The Better Angels of our Nature

“As God’s chosen ones, holy and beloved, clothe yourselves with compassion, kindness, humility, meekness, and patience.” – Colossians 3:12

The items on this list of human qualities seem in short supply this election year. More frequently we have seen a continual lowering of the bar of both the tone and language of political discourse. There is a coarsening of public talk on the news and social media. Spend a few minutes on Twitter and you will inevitably come across someone spewing hatred, fear, and bigotry.

The season upon us is one of name-calling, finger-pointing and fear-mongering.

I keep asking myself, “Is this who we are?” I don’t want to believe it.

The truth is, after Election Day we will have new leaders, but many of the same old problems of race and class and injustice will remain. We will still have public institutions that do not serve everyone equally. We will still have dying cities and crumbling infrastructures.

Inflammatory rhetoric will not solve these problems that affect us all, no matter what our political party.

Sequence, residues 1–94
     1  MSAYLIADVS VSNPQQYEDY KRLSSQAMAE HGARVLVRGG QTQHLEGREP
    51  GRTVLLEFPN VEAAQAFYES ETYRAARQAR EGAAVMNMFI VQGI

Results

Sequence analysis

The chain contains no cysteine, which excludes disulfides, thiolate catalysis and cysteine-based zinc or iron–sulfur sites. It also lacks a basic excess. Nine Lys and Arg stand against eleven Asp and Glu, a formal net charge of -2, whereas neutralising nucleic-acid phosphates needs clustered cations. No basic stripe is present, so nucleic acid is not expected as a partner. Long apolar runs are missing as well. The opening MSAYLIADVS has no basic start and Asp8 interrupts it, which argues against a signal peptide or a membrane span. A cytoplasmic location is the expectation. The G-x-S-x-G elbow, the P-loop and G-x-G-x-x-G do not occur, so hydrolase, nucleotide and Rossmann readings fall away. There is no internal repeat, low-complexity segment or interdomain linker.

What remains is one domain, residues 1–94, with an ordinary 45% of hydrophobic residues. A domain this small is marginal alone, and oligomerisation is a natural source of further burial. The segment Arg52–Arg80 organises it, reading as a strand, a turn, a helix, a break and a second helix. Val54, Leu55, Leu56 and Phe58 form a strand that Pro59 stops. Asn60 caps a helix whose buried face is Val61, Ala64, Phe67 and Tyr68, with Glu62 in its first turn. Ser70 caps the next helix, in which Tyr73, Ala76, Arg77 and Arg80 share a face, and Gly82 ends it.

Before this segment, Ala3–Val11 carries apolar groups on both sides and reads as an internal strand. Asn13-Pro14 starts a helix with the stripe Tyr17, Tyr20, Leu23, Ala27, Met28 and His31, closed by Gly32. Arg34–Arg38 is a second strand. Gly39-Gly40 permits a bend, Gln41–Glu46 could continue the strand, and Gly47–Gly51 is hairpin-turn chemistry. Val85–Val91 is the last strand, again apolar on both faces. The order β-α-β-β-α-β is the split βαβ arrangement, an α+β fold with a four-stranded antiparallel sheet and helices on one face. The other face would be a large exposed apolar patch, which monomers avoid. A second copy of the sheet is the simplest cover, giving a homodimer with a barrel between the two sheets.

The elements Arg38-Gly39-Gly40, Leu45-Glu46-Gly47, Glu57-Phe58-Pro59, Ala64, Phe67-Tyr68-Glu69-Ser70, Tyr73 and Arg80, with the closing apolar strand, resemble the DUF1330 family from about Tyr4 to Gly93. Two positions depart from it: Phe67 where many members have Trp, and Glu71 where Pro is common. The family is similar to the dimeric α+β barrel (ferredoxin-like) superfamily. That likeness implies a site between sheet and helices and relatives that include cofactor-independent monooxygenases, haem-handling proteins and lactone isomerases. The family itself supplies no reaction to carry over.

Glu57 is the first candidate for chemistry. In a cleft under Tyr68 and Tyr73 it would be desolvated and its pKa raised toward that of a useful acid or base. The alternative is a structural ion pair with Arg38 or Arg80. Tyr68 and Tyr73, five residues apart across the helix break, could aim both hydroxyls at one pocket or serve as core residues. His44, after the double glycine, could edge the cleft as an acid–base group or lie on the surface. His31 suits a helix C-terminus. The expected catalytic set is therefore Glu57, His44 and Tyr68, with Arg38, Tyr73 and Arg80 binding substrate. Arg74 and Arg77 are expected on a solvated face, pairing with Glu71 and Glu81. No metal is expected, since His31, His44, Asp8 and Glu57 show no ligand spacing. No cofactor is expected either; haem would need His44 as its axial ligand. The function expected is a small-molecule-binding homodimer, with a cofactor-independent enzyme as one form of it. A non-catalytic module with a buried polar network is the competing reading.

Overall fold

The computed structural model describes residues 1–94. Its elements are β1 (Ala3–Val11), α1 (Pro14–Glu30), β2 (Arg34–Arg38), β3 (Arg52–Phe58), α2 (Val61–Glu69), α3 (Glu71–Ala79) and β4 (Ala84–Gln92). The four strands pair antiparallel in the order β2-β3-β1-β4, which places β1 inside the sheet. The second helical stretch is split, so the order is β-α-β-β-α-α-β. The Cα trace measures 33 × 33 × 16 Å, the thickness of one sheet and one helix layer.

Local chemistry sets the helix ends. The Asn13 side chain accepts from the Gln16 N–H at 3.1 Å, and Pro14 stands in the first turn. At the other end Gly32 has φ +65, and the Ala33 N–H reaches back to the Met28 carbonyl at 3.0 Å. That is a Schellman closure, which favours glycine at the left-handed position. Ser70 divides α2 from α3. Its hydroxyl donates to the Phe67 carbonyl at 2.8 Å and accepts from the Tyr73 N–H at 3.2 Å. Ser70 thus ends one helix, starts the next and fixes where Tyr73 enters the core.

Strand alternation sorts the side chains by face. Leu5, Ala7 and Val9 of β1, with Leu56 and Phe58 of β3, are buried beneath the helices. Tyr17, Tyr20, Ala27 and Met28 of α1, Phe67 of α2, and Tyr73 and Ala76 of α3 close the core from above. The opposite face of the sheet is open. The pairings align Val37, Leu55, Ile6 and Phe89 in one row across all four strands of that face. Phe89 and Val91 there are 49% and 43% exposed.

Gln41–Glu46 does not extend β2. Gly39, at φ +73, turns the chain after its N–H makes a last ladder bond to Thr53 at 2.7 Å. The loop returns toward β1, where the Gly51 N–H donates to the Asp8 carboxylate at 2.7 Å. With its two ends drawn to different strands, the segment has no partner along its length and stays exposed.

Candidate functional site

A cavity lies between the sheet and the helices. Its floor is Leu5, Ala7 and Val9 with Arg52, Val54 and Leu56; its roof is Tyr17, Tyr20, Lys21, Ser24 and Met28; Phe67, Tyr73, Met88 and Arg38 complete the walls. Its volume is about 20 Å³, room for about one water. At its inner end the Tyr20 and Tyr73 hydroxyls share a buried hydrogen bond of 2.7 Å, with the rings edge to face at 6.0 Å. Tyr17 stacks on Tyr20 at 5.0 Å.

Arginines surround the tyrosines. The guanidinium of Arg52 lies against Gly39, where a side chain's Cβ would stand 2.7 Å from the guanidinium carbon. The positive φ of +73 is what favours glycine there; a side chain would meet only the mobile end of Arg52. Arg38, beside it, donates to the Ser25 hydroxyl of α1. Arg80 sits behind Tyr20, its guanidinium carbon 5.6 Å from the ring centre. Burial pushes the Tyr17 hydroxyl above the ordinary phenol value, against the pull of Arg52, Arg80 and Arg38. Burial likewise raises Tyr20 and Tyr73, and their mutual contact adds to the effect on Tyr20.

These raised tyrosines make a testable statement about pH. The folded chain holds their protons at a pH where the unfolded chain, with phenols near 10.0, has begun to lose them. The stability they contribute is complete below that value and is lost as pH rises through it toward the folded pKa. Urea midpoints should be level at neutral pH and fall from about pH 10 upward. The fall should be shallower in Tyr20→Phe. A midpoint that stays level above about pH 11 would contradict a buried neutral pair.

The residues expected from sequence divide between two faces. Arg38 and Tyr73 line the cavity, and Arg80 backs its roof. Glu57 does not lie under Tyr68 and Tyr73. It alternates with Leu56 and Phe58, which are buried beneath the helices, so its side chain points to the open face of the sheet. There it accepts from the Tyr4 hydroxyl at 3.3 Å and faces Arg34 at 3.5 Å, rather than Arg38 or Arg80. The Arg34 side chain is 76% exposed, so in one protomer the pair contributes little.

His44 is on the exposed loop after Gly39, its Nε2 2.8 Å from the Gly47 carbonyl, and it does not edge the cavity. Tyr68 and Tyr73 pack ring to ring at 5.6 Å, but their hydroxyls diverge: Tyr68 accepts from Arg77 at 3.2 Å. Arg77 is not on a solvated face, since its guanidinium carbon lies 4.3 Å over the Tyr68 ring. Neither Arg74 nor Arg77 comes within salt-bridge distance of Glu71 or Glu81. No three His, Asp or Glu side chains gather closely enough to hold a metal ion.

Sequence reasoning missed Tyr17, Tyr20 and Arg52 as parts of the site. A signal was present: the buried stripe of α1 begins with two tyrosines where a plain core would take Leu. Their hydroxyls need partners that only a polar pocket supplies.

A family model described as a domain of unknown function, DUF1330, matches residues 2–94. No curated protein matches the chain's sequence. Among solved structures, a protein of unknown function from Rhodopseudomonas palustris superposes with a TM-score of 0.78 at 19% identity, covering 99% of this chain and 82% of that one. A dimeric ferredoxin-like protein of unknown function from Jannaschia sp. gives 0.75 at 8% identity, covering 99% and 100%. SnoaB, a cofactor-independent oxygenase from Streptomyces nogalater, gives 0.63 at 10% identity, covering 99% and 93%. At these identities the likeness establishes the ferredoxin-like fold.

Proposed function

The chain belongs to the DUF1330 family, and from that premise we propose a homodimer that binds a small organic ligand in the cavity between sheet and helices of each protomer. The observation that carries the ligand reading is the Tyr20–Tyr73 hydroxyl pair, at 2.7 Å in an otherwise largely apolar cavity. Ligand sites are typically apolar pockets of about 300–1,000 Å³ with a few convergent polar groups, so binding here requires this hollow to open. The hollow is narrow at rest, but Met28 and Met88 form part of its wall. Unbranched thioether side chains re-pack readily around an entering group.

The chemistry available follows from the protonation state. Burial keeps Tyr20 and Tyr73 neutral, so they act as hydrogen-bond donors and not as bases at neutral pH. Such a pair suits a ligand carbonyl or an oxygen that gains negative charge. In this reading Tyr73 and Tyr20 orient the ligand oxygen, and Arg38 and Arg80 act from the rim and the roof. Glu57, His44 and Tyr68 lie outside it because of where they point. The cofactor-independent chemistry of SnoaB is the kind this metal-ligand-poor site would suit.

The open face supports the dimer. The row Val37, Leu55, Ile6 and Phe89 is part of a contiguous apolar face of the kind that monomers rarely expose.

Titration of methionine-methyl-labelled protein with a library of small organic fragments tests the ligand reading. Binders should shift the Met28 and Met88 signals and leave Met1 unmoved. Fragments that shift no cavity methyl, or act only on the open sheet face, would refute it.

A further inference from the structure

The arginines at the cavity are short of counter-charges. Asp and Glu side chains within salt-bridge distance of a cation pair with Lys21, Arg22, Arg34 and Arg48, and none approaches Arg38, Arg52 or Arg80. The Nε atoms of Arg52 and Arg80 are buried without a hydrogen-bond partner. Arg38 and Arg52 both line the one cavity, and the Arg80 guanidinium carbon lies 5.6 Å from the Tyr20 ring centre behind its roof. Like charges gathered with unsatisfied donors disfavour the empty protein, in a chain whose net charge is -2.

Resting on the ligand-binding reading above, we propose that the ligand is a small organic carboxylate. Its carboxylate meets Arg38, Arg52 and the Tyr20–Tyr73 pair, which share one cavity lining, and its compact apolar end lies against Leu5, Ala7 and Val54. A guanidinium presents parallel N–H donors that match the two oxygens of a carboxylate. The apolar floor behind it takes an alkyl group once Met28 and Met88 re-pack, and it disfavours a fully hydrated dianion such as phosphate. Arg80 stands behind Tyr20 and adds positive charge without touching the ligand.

On the brink of the Civil War, Abraham Lincoln made an impassioned appeal to “the better angels of our nature.” We need to hear those words now.

God wants better from us, not to put away righteous anger or proper passion, but to model a way of living that treats others with respect and dignity.

Without that it is hard to see us moving ahead as a nation. As Dr. King once said, “We may have all come on different ships, but we’re in the same boat now.”


Help us, O God, by your grace, to manifest the “better angels of our nature.”

ddRickFloyd2013.jpgAbout the Author
Richard L. Floyd is Pastor Emeritus of First Church of Christ (UCC) in Pittsfield, Massachusetts. A writer and author, his most recent publications are Romans, Parts 1 and 2 (with Michael S. Bennett), new titles in the “Listen Up!” Bible Study Series. He blogs at